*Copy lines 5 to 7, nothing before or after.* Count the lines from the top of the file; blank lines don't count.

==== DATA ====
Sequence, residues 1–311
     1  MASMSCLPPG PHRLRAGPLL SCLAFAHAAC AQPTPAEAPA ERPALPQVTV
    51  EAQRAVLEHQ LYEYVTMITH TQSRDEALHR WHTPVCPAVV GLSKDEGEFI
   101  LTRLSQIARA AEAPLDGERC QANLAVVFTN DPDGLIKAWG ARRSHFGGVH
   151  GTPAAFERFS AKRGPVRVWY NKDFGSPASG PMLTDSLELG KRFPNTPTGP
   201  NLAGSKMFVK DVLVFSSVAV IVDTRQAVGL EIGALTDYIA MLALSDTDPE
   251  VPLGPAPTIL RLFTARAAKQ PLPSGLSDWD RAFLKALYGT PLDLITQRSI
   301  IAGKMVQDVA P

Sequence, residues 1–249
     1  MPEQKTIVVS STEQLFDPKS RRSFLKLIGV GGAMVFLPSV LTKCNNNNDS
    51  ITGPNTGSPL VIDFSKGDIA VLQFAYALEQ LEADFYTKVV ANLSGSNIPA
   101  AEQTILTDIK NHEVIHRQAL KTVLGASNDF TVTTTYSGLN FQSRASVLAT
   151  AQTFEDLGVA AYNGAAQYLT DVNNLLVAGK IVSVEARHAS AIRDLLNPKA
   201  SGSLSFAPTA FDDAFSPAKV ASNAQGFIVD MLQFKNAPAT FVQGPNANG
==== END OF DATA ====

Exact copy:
   151  GTPAAFERFS AKRGPVRVWY NKDFGSPASG PMLTDSLELG KRFPNTPTGP
   201  NLAGSKMFVK DVLVFSSVAV IVDTRQAVGL EIGALTDYIA MLALSDTDPE
   251  VPLGPAPTIL RLFTARAAKQ PLPSGLSDWD RAFLKALYGT PLDLITQRSI